By now fall, via a little wintery detour, has burst into spring and, on March 27, Kyshona Armstrong, like our wildflowers, will unfold her petals, albeit vocal, for us. A psychologist, singer, guitarist and songwriter, she believes music is medicine, and, as a therapist, she uses music to comfort and heal her clients. She knows how to tap into her many audiences’s emotions with her unique bluesy and soulful styling that is reminiscent of great singers like Aretha Franklin, Etta James and Al Green. If for therapeutic reasons or not, come and celebrate spring with uplifting rhythms and, yes, colorful tunes created by this very special performer originally from South Carolina, but now at home in national and international music halls.

For all of our FIFOM members, we have a free concert on April 24 featuring Rebecca Folsom, singer, guitarist, songwriter, teacher, who is coming down the Colorado mountains, here she comes. In this socially and politically challenging world, Dr. Folsom loves to lift people up, to spread laughter, joy and happiness. Those are just some of Rebecca’s ambitious goals when she writes, composes or performs her poetic and, oh, so beautiful songs about heartbreak, redemption and freedom, about life with all its pleasures and sorrows, songs she has performed in places like Tanglewood or Red Rock Amphitheater, or theaters in Israel, Italy and Germany.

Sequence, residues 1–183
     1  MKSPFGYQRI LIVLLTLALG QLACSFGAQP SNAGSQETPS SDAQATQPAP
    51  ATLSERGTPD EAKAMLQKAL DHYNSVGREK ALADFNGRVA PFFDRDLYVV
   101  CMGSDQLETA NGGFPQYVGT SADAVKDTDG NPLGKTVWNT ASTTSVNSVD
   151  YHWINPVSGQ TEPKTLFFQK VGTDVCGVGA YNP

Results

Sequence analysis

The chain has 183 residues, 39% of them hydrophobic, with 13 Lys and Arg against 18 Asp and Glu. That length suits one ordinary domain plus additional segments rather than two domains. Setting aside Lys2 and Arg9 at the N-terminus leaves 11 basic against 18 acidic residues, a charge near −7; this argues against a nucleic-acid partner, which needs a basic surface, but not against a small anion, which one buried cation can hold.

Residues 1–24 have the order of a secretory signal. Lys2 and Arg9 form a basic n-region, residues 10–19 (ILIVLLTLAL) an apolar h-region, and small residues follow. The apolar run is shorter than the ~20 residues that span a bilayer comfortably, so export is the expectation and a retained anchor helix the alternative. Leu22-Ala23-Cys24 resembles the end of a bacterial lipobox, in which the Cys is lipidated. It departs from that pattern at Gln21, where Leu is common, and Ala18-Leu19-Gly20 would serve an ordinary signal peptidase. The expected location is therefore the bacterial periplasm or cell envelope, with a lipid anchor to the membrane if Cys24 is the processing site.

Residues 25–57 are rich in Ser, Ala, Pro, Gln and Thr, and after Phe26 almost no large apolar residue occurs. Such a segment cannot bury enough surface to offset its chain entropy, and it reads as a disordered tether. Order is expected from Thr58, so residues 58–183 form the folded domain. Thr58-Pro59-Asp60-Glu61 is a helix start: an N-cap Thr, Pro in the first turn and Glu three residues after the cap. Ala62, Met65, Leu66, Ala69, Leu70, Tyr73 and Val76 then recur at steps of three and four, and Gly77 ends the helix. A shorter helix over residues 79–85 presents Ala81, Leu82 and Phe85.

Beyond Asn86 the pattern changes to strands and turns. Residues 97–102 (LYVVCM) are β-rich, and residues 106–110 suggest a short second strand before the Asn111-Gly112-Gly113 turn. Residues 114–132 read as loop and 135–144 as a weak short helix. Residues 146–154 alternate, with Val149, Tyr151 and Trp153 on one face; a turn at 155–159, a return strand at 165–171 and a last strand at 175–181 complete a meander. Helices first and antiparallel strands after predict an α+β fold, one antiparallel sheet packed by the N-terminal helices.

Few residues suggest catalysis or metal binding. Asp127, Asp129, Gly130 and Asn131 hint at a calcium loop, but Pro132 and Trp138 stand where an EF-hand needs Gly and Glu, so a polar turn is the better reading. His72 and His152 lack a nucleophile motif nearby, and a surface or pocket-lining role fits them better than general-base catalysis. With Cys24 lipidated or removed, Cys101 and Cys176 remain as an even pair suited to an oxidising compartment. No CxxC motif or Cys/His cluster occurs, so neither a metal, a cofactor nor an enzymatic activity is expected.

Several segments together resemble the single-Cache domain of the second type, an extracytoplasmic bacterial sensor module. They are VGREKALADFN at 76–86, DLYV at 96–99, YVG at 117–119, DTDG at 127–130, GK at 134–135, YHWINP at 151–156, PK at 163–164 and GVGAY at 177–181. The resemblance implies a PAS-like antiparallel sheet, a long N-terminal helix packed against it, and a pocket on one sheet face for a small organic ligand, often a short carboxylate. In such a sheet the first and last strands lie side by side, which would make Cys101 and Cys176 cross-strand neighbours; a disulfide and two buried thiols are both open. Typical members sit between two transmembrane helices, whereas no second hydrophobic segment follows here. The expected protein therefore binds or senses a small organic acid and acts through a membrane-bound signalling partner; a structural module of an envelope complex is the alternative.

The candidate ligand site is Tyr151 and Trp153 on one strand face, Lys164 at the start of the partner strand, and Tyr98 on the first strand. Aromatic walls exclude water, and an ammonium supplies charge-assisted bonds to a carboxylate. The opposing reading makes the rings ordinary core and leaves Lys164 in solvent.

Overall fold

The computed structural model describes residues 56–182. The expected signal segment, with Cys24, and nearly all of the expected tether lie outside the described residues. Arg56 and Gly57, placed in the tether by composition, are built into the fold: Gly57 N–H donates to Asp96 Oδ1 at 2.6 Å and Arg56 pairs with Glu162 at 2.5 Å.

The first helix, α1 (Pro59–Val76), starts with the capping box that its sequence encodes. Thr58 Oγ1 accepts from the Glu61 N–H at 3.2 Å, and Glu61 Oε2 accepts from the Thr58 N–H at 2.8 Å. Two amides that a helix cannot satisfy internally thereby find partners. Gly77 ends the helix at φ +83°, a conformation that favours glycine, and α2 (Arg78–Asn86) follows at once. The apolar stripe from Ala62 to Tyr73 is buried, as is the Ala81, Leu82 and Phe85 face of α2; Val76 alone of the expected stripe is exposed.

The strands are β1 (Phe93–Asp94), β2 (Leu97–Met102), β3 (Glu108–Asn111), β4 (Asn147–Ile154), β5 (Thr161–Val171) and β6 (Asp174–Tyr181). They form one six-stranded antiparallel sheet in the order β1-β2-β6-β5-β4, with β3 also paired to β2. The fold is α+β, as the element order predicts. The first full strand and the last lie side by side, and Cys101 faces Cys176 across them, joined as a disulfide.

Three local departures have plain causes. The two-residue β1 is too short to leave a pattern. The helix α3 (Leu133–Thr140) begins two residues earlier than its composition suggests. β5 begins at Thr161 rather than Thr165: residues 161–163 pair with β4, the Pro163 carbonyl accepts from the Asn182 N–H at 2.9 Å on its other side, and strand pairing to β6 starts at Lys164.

Why not become a member of FIFOM right now? Just go to and click on Tickets and Membership, or contact Vanessa Peñaherrera (704) 807-0255. The Basic Membership (which saves you $80) is a great value: it includes admission to six concerts (always on a Sunday at 5:00pm) and, after each performance, an invitation to a reception where you socialize, meet the artists and enjoy the delicious complimentary hors-d’oeuvres created by Harold’s Catering. Your membership also helps us fund our FIFOM’s Music-in-the-Schools program, i.e. pay our guest musicians for playing in a Beaufort school the day after their performance on Fripp and to support young, budding musicians with music lessons and scholarships. Help us bring about change toward a community tuned into music.